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Some Thoughts on Autobiography

Some Thoughts on Autobiography

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Published by RonPrice
SERENDIPITOUS SOCIOLOGY AND AUTOBIOGRAPHY

We all grow old and live in a matrix of groups, networks, institutions and communities. This matrix is the substance of sociology. The student of sociology, even though sensitized to how a person’s life is embedded in groups, can be guilty of serious omissions and patterned distortions when he or she comes to write autobiography. The introspector and retrospector in sociological autobiography, though, can give us rare access to inner experience from their position of aloof detachment or passionate engagement.

Beginning with Herbert Spencer’s two volumes in 1904, sociology has left us very few intellectual autobiographies. Monopolistic access to my own inner life has found many grooves and at least one or two of these are found in my patterned distortions away from sociology toward religion. I hope the time has not yet come, as Virginia Woolf said it can, when I may have forgotten far more of significance than I can remember. Certainly I am far from the position Heinrich Boll, the recipient of the Nobel Prize in Literature 1972, was in when he wrote that “not one title, not one author, not one book that I held in my hand has remained in my memory.”

The autobiographer is both the ultimate Insider and the ultimate Outsider in applying scientific understanding and insight to the self, the interplay of sequences of status-sets, roll-sets and intellectual development. What results is not so much a condensed description than a step toward elucidation.1 I feel as if I have just made a start in the first quarter-century(1984-2009) of my attempt at autobiography. After five decades(1963-2009) of dipping in and out of sociology I have become more than a little conscious of sociology’s hermeneutic influence as I go about writing my autobiography. Often when sociology’s influence did appear it was accidentally, serendipitously.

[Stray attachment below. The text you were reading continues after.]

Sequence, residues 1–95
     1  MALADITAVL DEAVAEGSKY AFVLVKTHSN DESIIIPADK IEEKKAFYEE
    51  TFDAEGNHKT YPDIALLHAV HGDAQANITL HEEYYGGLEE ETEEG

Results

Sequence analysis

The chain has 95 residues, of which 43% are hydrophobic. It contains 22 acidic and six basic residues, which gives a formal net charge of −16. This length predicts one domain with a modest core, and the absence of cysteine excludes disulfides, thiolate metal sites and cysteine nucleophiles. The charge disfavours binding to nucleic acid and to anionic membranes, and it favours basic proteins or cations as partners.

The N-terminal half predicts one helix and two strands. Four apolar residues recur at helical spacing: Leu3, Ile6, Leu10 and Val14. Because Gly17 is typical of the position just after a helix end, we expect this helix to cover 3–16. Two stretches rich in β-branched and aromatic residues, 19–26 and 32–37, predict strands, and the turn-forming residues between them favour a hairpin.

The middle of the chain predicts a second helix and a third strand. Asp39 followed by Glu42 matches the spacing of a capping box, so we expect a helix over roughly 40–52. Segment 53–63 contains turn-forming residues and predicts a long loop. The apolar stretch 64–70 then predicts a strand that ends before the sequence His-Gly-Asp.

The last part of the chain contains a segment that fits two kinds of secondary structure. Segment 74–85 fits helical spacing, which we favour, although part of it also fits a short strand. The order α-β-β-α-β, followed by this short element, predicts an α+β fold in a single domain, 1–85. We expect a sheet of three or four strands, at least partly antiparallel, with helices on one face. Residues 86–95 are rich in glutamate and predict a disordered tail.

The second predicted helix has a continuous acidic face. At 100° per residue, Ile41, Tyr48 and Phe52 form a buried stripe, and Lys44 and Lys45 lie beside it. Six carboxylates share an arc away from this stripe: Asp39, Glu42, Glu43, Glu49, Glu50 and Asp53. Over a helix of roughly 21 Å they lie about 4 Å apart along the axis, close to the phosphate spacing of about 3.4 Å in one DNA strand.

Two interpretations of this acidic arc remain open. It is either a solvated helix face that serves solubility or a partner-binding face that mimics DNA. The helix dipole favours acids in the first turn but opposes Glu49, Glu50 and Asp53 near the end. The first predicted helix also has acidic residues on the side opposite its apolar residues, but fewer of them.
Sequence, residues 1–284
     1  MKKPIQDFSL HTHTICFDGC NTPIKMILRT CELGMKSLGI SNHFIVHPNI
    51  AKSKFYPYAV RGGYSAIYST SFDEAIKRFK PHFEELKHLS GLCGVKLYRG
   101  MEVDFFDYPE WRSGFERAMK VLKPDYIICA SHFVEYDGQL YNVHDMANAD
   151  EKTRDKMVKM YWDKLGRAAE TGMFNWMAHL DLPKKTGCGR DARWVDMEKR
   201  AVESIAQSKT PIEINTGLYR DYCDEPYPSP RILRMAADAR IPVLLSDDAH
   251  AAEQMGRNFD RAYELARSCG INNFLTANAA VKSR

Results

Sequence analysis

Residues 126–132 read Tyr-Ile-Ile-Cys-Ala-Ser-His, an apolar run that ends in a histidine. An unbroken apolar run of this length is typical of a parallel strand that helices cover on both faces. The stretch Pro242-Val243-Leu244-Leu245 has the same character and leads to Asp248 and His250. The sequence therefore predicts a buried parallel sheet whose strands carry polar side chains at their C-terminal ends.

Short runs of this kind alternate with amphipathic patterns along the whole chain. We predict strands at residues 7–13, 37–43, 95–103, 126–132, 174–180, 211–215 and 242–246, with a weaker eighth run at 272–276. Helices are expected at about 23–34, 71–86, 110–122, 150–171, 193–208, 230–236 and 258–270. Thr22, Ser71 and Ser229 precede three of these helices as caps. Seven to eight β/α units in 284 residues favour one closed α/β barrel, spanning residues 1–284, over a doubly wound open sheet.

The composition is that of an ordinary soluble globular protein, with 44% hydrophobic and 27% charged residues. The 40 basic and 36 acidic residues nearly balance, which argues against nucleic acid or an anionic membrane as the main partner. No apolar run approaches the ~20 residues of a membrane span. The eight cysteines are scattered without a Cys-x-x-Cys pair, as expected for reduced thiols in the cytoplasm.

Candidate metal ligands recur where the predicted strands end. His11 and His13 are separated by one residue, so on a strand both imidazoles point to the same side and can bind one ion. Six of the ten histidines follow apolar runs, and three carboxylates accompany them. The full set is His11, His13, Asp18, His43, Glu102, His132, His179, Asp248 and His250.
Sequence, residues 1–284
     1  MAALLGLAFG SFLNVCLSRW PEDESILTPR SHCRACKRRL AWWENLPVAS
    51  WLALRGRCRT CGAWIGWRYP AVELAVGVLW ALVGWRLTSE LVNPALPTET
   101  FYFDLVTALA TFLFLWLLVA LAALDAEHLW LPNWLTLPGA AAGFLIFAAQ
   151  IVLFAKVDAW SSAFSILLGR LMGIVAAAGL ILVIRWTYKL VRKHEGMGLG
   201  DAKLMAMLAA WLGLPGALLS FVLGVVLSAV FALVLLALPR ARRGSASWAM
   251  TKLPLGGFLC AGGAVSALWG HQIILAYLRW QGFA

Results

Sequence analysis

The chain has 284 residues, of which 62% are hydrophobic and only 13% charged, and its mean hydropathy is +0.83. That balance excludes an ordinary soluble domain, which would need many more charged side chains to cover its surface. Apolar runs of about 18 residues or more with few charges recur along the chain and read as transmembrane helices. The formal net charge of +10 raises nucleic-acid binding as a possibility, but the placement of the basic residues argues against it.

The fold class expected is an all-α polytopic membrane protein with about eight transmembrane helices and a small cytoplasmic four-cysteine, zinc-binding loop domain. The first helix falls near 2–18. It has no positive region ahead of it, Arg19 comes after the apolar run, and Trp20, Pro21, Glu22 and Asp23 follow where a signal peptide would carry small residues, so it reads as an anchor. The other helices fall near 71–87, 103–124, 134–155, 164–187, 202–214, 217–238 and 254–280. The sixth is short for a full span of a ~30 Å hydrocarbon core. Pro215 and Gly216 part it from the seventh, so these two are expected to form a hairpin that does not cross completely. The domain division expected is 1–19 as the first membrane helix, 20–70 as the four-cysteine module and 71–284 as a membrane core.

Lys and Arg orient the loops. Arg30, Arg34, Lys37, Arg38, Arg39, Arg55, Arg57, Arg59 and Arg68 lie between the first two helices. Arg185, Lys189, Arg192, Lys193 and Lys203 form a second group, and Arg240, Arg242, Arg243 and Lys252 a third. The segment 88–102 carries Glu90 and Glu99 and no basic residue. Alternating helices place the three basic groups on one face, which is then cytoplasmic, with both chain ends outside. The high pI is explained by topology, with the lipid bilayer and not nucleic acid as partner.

From my memoir emerges a picture of a Bahá'í, a man who was a teacher and lecturer for 35 years, a father, a husband, a pioneer for five decades who aims to provide as piercing an insight into his own life and times with as much muscular confidence that remained by his late middle age and the early years of his late adulthood as remained. He maintains as much etiquette of expression and diplomacy as he has been able to cultivate over his lifetime; along the way he takes no prisoners, writes sparingly about those who caused him discomfort in varying degrees.

He makes little to no attempt to manufacture an image, although he sometimes feels indulgently avuncular as an author. Readers will learn something of the furies that screamed through his life until medications softened his edges by his sixties. These same readers will also learn something of the seraphic intimacy which he discovered along the way in many of life’s interstices.

I do not substantiate much of what I write with sources, with ferinstances. I would like to see my memoir published, but I think it unlikely in my lifetime. If I do publish a small selection for family and friends I would like the paper to be of superb quality and to have the paper feels simultaneously crispy and smooth to the touch. Sadly, such an edition would be far too expensive. In spite of the undeniable quality of such a set of volumes and what I like to think is a fascinating subject, the retail price would be far to high, undoubtedly exaggerated and too expensive for the average person. Hopefully, some publishing house will plan a paperback edition at a more attractive and affordable price!